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Drought likely to continue in areas that need rain most this spring

Charlie Riedel / AP file

The sun sets behind the downtown Kansas City, Mo. skyline as above average temperatures returned to the region Thursday, March 14, 2013. Government forecasters say much of the United States can expect a warm spring and persistent drought.

WASHINGTON - Lingering snow and colder-than-normal temperatures in much of the United States will give way to warmer-than-average weather and continued drought in areas that need moisture most, the National Oceanic and Atmospheric Administration said on Thursday in its spring outlook.

Fifty-one percent of the continental United States is already in moderate to exceptional drought and that is expected to continue in California, the Southwest, the southern Rocky Mountain states, Texas and Florida, NOAA said.

The Midwest, the northern and central Great Plains, Georgia, the Carolinas and northern Alaska may see some relief from drought during April, May and June.

That could be an improvement over 2012, when two-thirds of the country experienced drought conditions and the vast majority of the United States saw record-high temperatures.


The next three months will also bring significant flood risk to North Dakota and northern Minnesota, with moderate flooding possible in the upper Mississippi River basin, including parts of Wisconsin, Illinois and Missouri, said Laura Furgione of NOAA's National Weather Service.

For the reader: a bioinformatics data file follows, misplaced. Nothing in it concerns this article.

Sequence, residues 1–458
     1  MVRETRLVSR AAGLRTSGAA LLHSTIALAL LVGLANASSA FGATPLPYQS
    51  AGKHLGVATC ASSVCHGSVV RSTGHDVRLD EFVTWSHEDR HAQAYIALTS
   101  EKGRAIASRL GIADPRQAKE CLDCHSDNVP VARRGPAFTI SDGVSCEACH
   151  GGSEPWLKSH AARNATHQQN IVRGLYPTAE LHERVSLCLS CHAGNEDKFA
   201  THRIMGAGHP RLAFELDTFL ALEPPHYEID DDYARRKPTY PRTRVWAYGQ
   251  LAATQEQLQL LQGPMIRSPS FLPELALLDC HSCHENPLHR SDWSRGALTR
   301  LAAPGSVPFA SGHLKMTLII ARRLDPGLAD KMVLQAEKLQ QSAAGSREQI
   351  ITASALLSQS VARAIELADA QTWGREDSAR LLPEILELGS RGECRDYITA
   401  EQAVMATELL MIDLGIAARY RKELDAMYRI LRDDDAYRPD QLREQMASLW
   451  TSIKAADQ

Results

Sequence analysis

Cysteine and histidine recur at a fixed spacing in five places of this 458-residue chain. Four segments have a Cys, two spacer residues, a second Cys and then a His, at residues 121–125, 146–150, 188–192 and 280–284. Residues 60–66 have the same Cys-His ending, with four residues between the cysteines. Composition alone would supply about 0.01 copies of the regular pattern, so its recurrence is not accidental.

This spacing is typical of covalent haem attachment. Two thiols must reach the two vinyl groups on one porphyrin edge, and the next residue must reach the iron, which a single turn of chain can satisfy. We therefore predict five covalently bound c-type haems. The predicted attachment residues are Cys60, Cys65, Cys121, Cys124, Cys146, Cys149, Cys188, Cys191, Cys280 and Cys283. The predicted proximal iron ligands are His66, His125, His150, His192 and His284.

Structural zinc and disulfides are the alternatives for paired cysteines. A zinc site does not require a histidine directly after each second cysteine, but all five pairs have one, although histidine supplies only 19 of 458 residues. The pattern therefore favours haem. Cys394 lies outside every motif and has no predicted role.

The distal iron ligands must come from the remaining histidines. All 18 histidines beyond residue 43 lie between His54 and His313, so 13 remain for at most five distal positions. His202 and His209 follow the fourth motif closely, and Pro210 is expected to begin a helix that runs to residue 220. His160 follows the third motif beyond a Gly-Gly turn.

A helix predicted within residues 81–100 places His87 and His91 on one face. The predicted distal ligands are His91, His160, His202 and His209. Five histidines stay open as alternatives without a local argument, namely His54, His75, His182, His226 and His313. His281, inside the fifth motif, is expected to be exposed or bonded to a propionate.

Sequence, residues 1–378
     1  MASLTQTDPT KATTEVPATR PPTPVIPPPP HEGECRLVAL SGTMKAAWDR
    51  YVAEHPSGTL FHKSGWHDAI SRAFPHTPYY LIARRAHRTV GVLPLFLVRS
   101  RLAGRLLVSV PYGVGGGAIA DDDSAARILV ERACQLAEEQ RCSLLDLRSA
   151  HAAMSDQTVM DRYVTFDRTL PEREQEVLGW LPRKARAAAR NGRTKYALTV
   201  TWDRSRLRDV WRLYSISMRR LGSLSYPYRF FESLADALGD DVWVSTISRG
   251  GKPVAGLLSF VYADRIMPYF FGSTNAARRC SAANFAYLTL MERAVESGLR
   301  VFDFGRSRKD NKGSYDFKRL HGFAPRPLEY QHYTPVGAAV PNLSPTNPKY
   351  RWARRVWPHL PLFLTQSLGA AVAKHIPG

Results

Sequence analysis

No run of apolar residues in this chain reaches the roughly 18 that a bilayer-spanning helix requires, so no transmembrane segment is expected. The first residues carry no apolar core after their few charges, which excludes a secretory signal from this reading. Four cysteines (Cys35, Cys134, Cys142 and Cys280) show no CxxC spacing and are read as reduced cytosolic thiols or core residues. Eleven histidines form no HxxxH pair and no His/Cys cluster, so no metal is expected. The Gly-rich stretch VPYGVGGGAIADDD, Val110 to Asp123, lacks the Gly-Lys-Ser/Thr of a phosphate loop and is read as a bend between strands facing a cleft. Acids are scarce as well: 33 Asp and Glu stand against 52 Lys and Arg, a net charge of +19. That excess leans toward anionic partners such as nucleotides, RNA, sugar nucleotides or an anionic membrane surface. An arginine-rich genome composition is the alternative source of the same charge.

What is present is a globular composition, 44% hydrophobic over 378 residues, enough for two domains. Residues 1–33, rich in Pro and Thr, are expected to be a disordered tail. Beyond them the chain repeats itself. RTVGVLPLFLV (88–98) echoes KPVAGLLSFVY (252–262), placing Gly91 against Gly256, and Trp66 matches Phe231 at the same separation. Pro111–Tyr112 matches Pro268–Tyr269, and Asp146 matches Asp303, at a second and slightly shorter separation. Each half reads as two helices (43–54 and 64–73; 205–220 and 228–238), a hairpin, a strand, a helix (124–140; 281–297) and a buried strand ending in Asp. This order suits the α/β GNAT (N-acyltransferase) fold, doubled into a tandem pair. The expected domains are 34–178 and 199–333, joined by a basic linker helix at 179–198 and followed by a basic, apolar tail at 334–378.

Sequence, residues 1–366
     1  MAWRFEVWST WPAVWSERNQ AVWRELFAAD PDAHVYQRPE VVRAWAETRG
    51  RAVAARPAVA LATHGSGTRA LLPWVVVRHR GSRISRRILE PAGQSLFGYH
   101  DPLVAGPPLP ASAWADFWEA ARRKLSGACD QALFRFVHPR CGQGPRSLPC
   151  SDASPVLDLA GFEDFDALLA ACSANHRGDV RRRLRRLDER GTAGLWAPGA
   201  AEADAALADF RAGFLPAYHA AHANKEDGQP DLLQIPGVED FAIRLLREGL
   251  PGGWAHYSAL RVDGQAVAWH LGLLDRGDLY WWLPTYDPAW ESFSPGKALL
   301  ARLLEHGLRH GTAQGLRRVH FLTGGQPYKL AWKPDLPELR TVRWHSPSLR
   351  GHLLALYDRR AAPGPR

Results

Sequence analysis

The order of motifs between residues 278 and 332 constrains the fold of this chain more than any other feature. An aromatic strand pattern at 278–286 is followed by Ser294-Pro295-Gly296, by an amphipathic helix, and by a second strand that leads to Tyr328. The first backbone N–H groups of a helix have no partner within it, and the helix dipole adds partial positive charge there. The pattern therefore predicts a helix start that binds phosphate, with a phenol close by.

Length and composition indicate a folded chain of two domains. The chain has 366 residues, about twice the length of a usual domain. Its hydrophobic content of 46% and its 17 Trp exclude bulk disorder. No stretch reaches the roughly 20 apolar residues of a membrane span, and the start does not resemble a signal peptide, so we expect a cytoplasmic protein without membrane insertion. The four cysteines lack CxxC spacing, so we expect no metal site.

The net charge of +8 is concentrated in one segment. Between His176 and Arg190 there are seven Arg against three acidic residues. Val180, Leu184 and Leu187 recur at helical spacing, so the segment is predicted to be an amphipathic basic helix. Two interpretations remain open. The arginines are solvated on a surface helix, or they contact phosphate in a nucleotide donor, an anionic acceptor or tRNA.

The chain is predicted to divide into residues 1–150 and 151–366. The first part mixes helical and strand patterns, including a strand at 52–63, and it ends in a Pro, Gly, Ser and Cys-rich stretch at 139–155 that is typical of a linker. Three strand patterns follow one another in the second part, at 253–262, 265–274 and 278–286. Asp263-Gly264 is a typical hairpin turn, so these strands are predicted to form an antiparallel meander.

Minor flooding is possible for the lower Mississippi River basin and in the Southeast, including parts of Arkansas, Alabama, Mississippi and Georgia.

Spring is likely to bring above-normal temperatures to most of the continental United States and northern Alaska, except in the Pacific Northwest, the extreme northern Great Plains and Hawaii, which are expected to be cooler than normal.

"We have been experiencing a very unusually cold pattern with a jet (stream) far south of normal," Ed O'Lenic of NOAA's Climate Prediction Center told a telephone briefing. "As the sun gets higher in the sky, sooner or later that's got to stop."

That usually happens by late April, when temperatures are influenced by soils that are then dry and heat up quickly, O'Lenic said. In addition, temperatures in the northern Pacific can influence land temperatures and right now those ocean temperatures are in a relatively warm pattern.

The El Nino/La Nina pattern of warm or cool water in the equatorial Pacific, which can also have a powerful impact on U.S. weather, "is about as neutral as I've ever seen it," he said. In neutral periods, the influence of El Nino/La Nina on U.S. weather is at its lowest.

Snowpack this winter has been heavy in the northern United States, but that will not necessarily alleviate the drought in the country's mid-section, O'Lenic said. Five or six years of dry conditions are unlikely to be undone by seasonal precipitation.

Even this winter's heavy snowpack may not solve the problem, Furgione said.

Because the ground below the snow is frozen so thoroughly, the warm-up expected in April could make snow-melt run off frozen ground without soaking in, she said.

The National Weather Service has told the folks along the Red River in Fargo, N.D., and the surrounding area to prepare for perhaps one of the top five floods in that city's history. Weather Channel's Chris Warren reports.